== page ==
I attended a meeting called by Parks and Rec this evening, to discuss opening access to the forest at 17th and Stanyan in Cole Valley. This the black dotted line in the map below. [ETA: The map was distributed at the meeting.] The trail would lead through the Interior Green Belt, and join existing trails in UCSF’s part of the forest. Access to the “historic trail” is from a space between two houses, about the size of a vacant lot. At present, it’s fenced off.
This was the second meeting on the issue. I didn’t attend the first, but this meeting was to deal with the issues raised in the first one (held in June or July, there were two dates reported).
Right now, the proposal is to ask the Parks Commission to allocate $50,000 for the purpose. The breakout is something like this (I didn’t keep precise notes, but I’ll make corrections later if needed):
Mt Sutro Stewards (for clearing the trail) – $ 6,500
Tree assessment (for hazardous trees)- $ 5,650
Hazard tree removal $10,000
Reopening the trail (fences, staircase) $10,000
Environmental investigation $13,000 (<– not sure)
ETA: From the Rec and Parks document, I have a different set of figures:
|Materials (erosion control, seeds, etc.)||$6,500|
|Hazardous Tree Removal||$10,000|
|Refurbish Trailhead & Remove Fences||$7,000|
|TRAILHEAD ENHANCEMENT STUDY|
|Privacy Screen at Trailhead||$10,000|
|215 LF of Chain Link Fence||$16,125|
Ray Moritz, who we have met before as a forester, introduced himself as a Fire Ecologist. He said that fire danger was related to three things: The fuels; the topography; and the weather. He noted that the fire danger was mild, because though the terrain was steep, there was a low amount of fuel on the ground and the trees were so tall that the canopy was unlikely to catch from a ground fire. Most importantly, in San Francisco, the window of opportunity for a fire was very small; there were only a few days annually when the forest was dry. He also said cigarettes (which people had feared as an ignition source) are actually not a danger. [ETA: He made 16 practical experiments with oven-dried eucalyptus leaves and cigarettes; he did not achieve ignition even once.] The greatest danger, he suggested was when people did not clear debris from the roof area around fireplace chimneys. However, he pointed out that the fire station was nearby, with a response time of under two minutes, and a fire hydrant sat opposite the proposed trailhead.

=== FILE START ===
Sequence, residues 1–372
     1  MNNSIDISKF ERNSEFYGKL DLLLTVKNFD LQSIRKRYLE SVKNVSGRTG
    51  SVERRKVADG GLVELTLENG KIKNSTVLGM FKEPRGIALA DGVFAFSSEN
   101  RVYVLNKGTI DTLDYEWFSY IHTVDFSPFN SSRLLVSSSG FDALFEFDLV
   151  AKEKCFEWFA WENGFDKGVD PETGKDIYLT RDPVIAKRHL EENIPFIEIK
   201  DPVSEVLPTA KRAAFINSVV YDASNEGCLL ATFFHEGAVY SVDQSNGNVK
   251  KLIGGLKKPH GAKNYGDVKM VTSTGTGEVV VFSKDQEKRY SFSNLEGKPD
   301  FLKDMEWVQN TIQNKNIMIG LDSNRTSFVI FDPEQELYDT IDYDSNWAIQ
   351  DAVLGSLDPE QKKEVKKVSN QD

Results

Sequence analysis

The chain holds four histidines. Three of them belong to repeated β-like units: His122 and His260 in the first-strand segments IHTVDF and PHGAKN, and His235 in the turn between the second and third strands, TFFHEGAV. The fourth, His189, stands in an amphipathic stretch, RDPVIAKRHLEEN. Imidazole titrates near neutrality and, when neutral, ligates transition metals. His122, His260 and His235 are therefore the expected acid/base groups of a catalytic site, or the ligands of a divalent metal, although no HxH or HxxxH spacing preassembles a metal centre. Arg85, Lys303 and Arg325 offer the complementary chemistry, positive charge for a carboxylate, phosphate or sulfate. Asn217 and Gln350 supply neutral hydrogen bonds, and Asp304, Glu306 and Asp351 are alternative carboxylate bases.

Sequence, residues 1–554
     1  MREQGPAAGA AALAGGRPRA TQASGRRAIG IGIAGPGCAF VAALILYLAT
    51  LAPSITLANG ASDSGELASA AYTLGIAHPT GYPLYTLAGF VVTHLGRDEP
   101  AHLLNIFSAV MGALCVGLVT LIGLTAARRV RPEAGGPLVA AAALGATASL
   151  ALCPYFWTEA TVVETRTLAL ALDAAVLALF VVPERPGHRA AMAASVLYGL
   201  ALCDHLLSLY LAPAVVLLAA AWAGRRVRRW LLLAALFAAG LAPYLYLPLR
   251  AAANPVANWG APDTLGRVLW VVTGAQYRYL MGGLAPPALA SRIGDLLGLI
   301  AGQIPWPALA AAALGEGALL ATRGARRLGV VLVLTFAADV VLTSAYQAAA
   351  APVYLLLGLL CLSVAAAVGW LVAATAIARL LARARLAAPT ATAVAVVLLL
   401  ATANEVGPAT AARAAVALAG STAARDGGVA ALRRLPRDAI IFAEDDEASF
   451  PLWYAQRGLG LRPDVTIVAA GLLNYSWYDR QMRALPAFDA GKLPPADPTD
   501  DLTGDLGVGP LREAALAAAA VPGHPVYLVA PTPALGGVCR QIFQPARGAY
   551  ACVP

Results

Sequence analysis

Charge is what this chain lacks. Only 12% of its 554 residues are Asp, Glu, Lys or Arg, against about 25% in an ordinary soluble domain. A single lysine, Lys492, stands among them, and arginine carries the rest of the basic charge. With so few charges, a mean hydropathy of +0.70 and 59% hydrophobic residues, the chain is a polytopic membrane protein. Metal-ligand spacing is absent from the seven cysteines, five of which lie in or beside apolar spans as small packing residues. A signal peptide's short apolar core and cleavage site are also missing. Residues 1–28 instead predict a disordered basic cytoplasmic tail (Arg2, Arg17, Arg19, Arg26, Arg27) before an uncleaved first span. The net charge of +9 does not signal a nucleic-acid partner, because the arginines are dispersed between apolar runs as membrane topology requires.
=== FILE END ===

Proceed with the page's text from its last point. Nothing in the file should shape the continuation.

Some neighbors were still concerned about fire, not just by the trail but in the context of the whole forest. (We’re guessing that UCSF’s position on the issue when seeking the FEMA grant has worried some people.) Mr Moritz said that while fire-risk varied at different spots on the mountain, the overall risk was low. If it is indeed a low risk, they replied, they would like to see confirmation in writing, and would like to see the report in writing. Craig Dawson, of Mt Sutro Stewards, later noted they had done some further research.
Another concern was with hazardous trees. One neighbor pointed out there were at least 15 hazard trees that had been marked but not trimmed or removed.
Other concerns were with traffic and parking, potential criminal activity and homeless camps, drunken teenagers at night; unleashed dogs, maintenance and operations. The presenters suggested that they greatest use of the trail would be by neighbors and people coming by public transport, as with the trail starting at Edgewood; that there would be joint patrols by UCSF and Parks; the park would close at 10 p.m. and anyway, opening up the forest reduced the likelihood of camping and crime by having more eyes watching; unleashed dogs were prohibited; and maintenance and operations would be provided by Mt Sutro Stewards and volunteers.
Lisa Wayne of the Parks and Recreation department made a presentation describing the project. She said that no environmental review was needed to open the trail; but that a later phase of the project, to remodel the trail-head, might require one.
Later, when someone else asked her specifically, she said there was no intent to introduce native plants along the trail. In fact, Marvin Yee, in his presentation, specifically mentioned leaving the blackberry bushes and other dense vegetation in place to discourage people from straying off the trail. (We think this will also be beneficial to birds and wildlife.)
We were pleased at the reassessment of the fire risk, particularly since the area of the forest we’re talking about is contiguous with the Edgewood cut zone.